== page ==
Major stock markets globally continued to witness selling pressures for the week gone by. China posted weak manufacturing data. The index was at 49.7. A number below 50 indicates contraction in manufacturing activities. Further, speculation around US interest rates left the world in a jittery mood. The US labour department data showed that unemployment fell to 5.1%, lowest since April 2008. This may raise the possibility of an increase in interest rates by the US Fed.

The European markets, on the other hand recovered a little from the previous week. The European Central Bank (ECB) surprised the markets when President Mario Draghi downgraded inflation forecast and pledged more quantitative easing (QE). This cheered the stock markets in Europe. Among the major Asian stock markets, stocks in Japan and China were down by 6.4% & 2.2% respectively.

The Indian indices closed the week down by 4.51% owing to negative global cues. The net outflow from foreign institutional investors (FII) during the week stood at Rs 30.4 billion. However, during the same period, the net inflow from domestic institutional investors (DII) was Rs 28.8 billion. In a way, the data is positive in that 'hot money’ from FIIs is leaving the country, which should lead to less volatility in the stock markets.

Performance during the week ended 4 September, 2015
Data source: Yahoo Finance

 Weekend investing mantra
"Basically, price fluctuations have only one significant meaning for the true investor. They provide him with an opportunity to buy wisely when prices fall sharply and to sell wisely when they advance a great deal. At other times he will do better if he forgets about the stock market and pays attention to his dividend returns and to the operating results of his companies." - Benjamin Graham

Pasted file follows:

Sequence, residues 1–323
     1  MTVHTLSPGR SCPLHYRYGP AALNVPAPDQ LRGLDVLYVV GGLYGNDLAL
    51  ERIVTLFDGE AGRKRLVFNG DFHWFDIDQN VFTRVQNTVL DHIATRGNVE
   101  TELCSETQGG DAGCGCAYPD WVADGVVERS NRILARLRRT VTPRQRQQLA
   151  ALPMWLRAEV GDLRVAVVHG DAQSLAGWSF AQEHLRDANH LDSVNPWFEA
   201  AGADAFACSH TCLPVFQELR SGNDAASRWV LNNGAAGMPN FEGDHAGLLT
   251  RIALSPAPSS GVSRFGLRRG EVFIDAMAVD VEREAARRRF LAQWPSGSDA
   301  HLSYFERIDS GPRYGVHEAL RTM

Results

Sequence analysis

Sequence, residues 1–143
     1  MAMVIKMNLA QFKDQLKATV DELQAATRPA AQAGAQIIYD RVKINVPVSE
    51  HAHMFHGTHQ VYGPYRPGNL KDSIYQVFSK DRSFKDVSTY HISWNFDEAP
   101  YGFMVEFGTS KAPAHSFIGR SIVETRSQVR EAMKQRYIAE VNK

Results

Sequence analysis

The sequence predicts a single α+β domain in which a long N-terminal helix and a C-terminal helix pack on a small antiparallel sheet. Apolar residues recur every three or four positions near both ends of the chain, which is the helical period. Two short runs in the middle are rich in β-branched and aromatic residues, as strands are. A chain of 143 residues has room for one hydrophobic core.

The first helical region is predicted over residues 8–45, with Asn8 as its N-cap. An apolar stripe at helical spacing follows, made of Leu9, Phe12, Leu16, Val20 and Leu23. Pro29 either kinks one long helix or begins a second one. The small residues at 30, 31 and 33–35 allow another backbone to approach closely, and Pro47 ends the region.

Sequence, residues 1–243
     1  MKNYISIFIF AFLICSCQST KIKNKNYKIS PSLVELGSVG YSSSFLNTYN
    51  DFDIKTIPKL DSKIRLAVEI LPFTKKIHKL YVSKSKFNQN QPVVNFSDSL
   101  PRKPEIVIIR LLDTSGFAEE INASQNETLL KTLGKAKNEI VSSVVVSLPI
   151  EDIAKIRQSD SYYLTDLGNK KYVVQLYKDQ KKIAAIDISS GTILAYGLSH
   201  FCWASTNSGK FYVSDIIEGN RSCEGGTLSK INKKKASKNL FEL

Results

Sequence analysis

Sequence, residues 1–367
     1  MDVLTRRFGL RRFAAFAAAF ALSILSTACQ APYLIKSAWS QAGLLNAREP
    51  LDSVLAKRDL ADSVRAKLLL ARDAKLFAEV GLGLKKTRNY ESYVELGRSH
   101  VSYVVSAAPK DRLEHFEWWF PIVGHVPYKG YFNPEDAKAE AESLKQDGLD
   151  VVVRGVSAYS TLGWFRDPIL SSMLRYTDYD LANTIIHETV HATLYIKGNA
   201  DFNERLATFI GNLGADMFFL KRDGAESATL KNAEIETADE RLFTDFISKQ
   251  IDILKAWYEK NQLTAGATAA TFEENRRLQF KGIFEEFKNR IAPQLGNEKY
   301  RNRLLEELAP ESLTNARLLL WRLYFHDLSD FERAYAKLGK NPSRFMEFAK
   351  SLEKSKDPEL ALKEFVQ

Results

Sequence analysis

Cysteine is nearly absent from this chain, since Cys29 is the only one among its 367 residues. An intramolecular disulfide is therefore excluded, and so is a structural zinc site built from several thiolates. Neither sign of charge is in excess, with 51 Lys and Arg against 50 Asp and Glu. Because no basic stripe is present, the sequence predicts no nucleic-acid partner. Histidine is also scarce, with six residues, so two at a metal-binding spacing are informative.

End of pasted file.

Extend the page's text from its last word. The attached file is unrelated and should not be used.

This edition of The 5 Minute WrapUp is authored by Devanshu Sampat (Research Analyst).

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3 Responses to "Sensex: Where to from here?"

k.v.subba rao

Sep 10, 2015

I feel the volatility in sensex is likely to continue till announcement of Q3 results in Jan 2016 and may reasonably look up thereafter.



Sep 8, 2015

I do not agree with your comment on Dr. Rajan about his failure at the micro level in the Banking sector.If you have Reliable sources in the Auditing, M&A Risk Mgt.Depts of Banks, Please Check with Them. This change is a long Term process & will take some time to show results.So please have a revisit



Sep 5, 2015

It is NOT the job of RBI governor to micromanage banks. Anycase he can do little in this respect since 70% business is in the hands of PSBs where sycophancy and unprofessionalism rule the roost.

if he can manage well inflation and Exchange rate , he has done excellent job.Growth is mute more due to lack of push and other hurdles than interest rates.

Equitymaster requests your view! Post a comment on "Sensex: Where to from here?". Click here!